Friday, October 28, 2005

A Different Perspective on the Hydrogen Economy

For a long time I have been interested in the subject of alternative fuels and electric cars. As a result I have become fairly knowledgeable about the subject. There has been an awful lot of hype in the media and all over the web about "the hydrogen economy." In this post I would like to take a look at the relative merits of this "hydrogen economy" to see what is feasible and what is not. Also I will discuss the direction I see the energy infrastructure heading in and why.

The first point about hydrogen I will make is that it is NOT a fuel. Yes you can burn it in an ICE and yes you can put it in a fuel cell. The problem is that it doesn't exist naturally in a pure form on this planet. This means that it must be made and the only way to make it is to give a molecule which is holding a hydrogen atom an extra electron. This can be done in a number of ways but all of them require energy input. Now petroleum is a fuel. You drill a hole in the ground and out comes 'a bubblin crude. Yes it requires energy to drill and process oil, but if you do the math the amount of energy put into getting oil is dwarfed by the amount of pure BTU that comes out - which is why oil has been a very profitable business.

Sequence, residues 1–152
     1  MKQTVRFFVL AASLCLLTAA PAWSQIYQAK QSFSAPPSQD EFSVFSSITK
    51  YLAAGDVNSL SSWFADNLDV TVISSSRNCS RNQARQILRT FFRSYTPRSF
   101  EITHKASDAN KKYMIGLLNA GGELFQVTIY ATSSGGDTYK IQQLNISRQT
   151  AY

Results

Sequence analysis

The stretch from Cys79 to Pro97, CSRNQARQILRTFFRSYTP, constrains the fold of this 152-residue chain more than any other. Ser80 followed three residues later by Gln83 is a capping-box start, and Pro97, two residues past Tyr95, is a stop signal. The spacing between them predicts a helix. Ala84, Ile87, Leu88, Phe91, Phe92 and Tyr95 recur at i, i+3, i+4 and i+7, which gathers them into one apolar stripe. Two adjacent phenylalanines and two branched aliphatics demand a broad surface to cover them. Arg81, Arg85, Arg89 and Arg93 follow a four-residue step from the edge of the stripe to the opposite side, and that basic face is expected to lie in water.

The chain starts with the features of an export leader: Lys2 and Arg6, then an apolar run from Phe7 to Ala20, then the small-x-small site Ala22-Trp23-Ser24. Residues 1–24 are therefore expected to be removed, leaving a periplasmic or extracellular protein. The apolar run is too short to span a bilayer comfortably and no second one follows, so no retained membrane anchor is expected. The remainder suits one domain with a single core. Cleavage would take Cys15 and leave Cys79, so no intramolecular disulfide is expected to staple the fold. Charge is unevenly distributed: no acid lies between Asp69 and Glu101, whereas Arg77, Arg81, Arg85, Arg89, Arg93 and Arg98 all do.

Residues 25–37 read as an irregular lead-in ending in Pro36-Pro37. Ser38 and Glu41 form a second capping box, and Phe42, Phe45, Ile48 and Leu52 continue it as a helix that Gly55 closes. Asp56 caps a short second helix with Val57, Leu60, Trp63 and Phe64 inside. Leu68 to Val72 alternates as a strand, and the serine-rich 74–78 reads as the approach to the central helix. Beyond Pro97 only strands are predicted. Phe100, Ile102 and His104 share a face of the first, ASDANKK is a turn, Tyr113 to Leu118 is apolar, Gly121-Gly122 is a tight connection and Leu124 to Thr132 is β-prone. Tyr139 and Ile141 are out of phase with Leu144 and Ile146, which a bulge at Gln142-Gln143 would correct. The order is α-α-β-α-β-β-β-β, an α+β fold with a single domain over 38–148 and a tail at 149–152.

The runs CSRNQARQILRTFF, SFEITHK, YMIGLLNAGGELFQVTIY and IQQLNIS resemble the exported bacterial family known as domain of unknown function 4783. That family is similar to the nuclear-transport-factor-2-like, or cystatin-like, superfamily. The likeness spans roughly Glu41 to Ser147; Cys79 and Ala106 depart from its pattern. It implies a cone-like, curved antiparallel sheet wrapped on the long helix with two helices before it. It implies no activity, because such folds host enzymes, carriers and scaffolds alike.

What hydrogen is is a form of battery. It is a way of storing energy. Oil is stored energy sitting in the ground. Hydrogen is stored energy only after an equivalent amount of energy has been put out to achieve it. So now that we have hydrogen properly labeled - not as a miracle fuel but as merely one form of storing and transporting energy, the question arises as to how effective is this energy storage and transmission system compared to other potential competitors.

Now things begin to get a little more interesting. How will the hydrogen be produced? This is the first question we must examine. There are three basic ways of producing hydrogen that I know of. These three basic ways are electrolysis, thermal extraction, and photo-chemical. Electrolysis, of course, involves splitting the chemical bond with electricity and is very inefficient. Thermal extraction is accomplished in more than one way. With water the water must be super heated to the point where the hydrogen disassociates from the oxygen. This can be accomplished with some efficiency through thermo-nuclear reaction or solar collector. Hydrogen can also be extracted from hydrocarbons using heat but this really doesn't solve the source problem at all. The last and best way of extraction is using genetically modified algae and sun light and water. This method is purported to be promising.